Poverty and Education
The National Health and Nutrition Examination Survey (NHANES) is a yearly survey conducted by the US Centers for Disease Control. This question uses the nhanes.samp.adult.500 dataset in the oibiostat package, which consists of information on a subset of 500 individuals ages 21 years and older from the larger NHANES dataset
Poverty (Poverty) is measured as a ratio of family income to poverty guidelines. Smaller numbers indicate more poverty, and ratios of 5 or larger were recorded as 5. Education (Education) is reported for individuals ages 20 years or older and indicates the highest level of education achieved: either 8th Grade, 9 - 11th Grade, High School, Some College, or College Grad. The variable HomeOwn records whether a participant rents or owns their home; the levels of the variable are Own, Rent, and Other
a) Create a plot showing the association between poverty and educational level. Describe what you see.
b) Fit a linear model to predict poverty from educational level.
i. Interpret the model coefficients and associated p-values.
ii. Assess whether educational level, overall, is associated with poverty. Be sure to include any relevant numerical evidence as part of your answer.
c) Create a plot showing the association between poverty and home ownership. Based on what you see, speculate briefly about the home ownership status of individuals who responded with Other.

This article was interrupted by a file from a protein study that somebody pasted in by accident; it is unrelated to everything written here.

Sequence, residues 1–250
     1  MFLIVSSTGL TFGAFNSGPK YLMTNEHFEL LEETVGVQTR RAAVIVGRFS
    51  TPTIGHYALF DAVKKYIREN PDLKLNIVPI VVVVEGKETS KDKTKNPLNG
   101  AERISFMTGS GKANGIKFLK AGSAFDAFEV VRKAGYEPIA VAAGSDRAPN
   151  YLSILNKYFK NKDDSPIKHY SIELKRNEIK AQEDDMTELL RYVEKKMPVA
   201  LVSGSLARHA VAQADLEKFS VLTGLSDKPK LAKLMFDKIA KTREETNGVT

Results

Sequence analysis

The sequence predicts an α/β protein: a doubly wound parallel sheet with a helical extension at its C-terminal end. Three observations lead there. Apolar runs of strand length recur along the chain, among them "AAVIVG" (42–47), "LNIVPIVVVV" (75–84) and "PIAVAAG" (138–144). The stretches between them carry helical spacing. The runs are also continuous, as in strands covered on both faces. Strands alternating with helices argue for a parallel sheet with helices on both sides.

d) Fit a linear model to predict poverty from educational level and home ownership. Comment on whether this model is an improvement from the model in part b).
Do men and women think differently about their body weight? To address this question, you will be using data from the Behavioral Risk Factor Surveillance System (BRFSS).
The Behavioral Risk Factor Surveillance System (BRFSS) is an annual telephone survey of 350,000 people in the United States collected by the Centers for Disease Control and Prevention (CDC). As its name implies, the BRFSS is designed to identify risk factors in the adult population and report emerging health trends. For example, respondents are asked about diet and weekly physical activity, HIV/AIDS status, possible tobacco use, and level of healthcare coverage.
The cdc.sample dataset contains data on 500 individuals from a random sample of 20,000 respondents to the BRFSS survey conducted in 2000, on the following nine variables:
– genhlth: general health status, with categories excellent, very good, good, fair, and poor